Teaching Spatial Thinking
Spatial Thinking and Learning | Spatial Thinking in the Geosciences | Teaching Spatial Thinking | Events | Contribute a Resource
Spatial Thinking and Learning
Spatial thinking, like any cognitive skill, can be taught and learned. (See Research on Spatial Thinking for a brief overview of relevant research literature). Moreover, spatial thinking is not a single cognitive skill; rather, it includes such skills as navigation, visualization, mental rotation, perspective taking, penetrative thinking (such as imagining the interior of an object), and disembedding ("seeing" the important spatial information in a noisy dataset, such as a seismic reflection profile). Because spatial thinking is so multi-faceted, as well as fundamental to the geosciences, it deserves particular attention in our curricula.
Spatial Thinking in the Geosciences
Spatial thinking, while not unique to the geosciences, is one of the hallmarks of geoscientific thinking (e.g. Kastens et al., 2009; Manduca and Kastens, 2012). As Kastens et al. (2009) remind us, "Geoscientists use spatial thinking extensively whenever they acquire, represent, manipulate, or reason about objects, processes, or phenomena in space." Read more about spatial thinking in the geosciences.
Teaching Spatial Thinking
The Place of Spatial Thinking in the Curriculum
Because spatial thinking pervades the geosciences, it is best developed through multiple exposures in multiple contexts. To produce graduates who are proficient at spatial thinking, we need to infuse it in our undergraduate curricula. See examples of how faculty are teaching spatial thinking across the geoscience curriculum.
Selected Pedagogical Approaches
- The Spatial Workbook project takes a research-based approach to teaching spatial thinking, combining several strategies that have emerged from cognitive science research: gesture, comparison, and sketching. The Spatial Workbook project is developing curricular materials for mineralogy, structural geology, and sedimentology and stratigraphy that incorporate these strategies into teaching spatially-challenging concepts within the undergraduate geology curriculum.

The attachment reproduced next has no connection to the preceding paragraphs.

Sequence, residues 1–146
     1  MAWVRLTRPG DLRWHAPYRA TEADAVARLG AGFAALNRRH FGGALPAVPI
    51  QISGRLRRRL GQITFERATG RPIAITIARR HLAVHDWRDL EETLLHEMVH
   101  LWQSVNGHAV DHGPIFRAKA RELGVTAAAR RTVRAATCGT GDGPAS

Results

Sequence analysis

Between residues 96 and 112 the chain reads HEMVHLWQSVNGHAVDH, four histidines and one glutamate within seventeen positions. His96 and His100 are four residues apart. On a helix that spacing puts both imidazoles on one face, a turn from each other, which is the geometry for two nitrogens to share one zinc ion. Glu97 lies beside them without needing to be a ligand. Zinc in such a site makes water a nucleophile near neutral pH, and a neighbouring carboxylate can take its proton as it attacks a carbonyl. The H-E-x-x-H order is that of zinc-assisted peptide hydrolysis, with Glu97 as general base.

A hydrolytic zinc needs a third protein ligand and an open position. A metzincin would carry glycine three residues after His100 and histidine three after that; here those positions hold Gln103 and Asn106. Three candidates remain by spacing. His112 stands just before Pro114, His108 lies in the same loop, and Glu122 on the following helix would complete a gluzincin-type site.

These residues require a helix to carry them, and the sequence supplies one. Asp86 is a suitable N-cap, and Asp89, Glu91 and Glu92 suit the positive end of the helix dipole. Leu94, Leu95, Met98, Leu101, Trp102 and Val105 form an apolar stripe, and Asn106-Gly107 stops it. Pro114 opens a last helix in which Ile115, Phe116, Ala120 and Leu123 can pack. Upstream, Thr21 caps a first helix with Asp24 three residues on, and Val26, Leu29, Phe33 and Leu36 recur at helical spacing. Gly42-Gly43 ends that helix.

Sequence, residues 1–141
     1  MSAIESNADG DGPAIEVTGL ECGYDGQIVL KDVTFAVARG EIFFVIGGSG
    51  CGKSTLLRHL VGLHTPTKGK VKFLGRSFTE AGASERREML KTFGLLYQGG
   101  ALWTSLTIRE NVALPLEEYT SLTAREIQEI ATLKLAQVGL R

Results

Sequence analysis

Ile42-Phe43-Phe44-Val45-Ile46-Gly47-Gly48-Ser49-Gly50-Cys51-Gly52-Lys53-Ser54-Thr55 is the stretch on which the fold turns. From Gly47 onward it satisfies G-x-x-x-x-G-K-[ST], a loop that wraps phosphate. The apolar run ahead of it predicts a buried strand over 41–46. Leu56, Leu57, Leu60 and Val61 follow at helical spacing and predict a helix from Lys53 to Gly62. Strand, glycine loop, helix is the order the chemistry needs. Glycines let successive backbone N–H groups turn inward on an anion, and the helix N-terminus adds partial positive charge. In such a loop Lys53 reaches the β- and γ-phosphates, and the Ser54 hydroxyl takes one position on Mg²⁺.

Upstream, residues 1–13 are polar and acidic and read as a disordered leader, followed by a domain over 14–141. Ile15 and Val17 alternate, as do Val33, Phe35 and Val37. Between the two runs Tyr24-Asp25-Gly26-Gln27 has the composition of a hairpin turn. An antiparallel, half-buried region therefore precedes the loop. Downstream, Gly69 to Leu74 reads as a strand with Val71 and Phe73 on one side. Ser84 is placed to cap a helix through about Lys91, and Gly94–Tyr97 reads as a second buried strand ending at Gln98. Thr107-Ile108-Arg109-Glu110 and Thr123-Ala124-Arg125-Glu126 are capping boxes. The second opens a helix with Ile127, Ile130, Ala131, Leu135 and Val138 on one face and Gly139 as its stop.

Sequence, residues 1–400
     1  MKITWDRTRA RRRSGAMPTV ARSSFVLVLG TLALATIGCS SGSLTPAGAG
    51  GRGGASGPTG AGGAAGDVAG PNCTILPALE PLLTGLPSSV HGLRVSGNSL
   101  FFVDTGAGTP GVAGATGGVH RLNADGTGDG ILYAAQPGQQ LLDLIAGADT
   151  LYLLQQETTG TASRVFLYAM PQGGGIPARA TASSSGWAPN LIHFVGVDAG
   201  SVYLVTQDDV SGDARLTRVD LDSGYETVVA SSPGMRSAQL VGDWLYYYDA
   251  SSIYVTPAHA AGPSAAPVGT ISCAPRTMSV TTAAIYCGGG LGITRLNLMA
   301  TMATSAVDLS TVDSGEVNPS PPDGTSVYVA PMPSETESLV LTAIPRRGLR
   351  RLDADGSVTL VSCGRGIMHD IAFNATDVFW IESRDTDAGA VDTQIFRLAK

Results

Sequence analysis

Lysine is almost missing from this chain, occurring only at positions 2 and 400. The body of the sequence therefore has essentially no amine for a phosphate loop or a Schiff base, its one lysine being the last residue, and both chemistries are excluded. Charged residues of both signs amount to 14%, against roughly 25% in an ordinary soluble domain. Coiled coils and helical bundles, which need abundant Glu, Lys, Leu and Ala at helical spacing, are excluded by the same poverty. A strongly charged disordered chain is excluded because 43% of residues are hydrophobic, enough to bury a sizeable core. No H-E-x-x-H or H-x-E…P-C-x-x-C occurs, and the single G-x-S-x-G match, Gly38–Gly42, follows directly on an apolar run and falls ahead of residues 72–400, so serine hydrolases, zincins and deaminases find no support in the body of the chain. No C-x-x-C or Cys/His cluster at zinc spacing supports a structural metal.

- The GET Spatial Learning Network project describes several research-based approaches to teaching spatial thinking, including teaching with play dough, click on diagram questions, and 360 degree imagery.
- Another common approach to teaching spatial thinking, strongly supported by research on learning, is teaching with visualizations. For example:
- Barb Tewksbury's teaching map interpretation with Google Earth (Tewksbury, 2013)
- Steve Reynolds' visualizing topography and interactive 3D geologic blocks visualizations (Piburn et al., 2002 )
- Rowan Cockett's Visible Geology, which allows the user to construct and slice his or her own geologic blocks, including surface topography (Cockett, 2014)
The resource collections listed below are contributed by faculty members from across the country.
- Teaching activities with a strong spatial component
- Visualizations of spatial phenomena
- Print and online references
- 2012 Spatial Thinking Journal Club:
From January to May, 2012, the Spatial Thinking Journal Club met once a month to discuss readings from the geoscience and cognitive science literature, exploring the cognitive aspects of spatial thinking and their implications for geoscience education. Read the journal club's summary of findings and recommendations for research on spatial thinking in the geosciences.
Contribute a Resource
The contributions of resources is what makes the On the Cutting Edge collections rich and diverse. Please add your resources to these growing collections.
Contribute a classroom activity, laboratory exercise, or problem set that you use to teach spatial thinking skills via the Teach the Earth contribute form.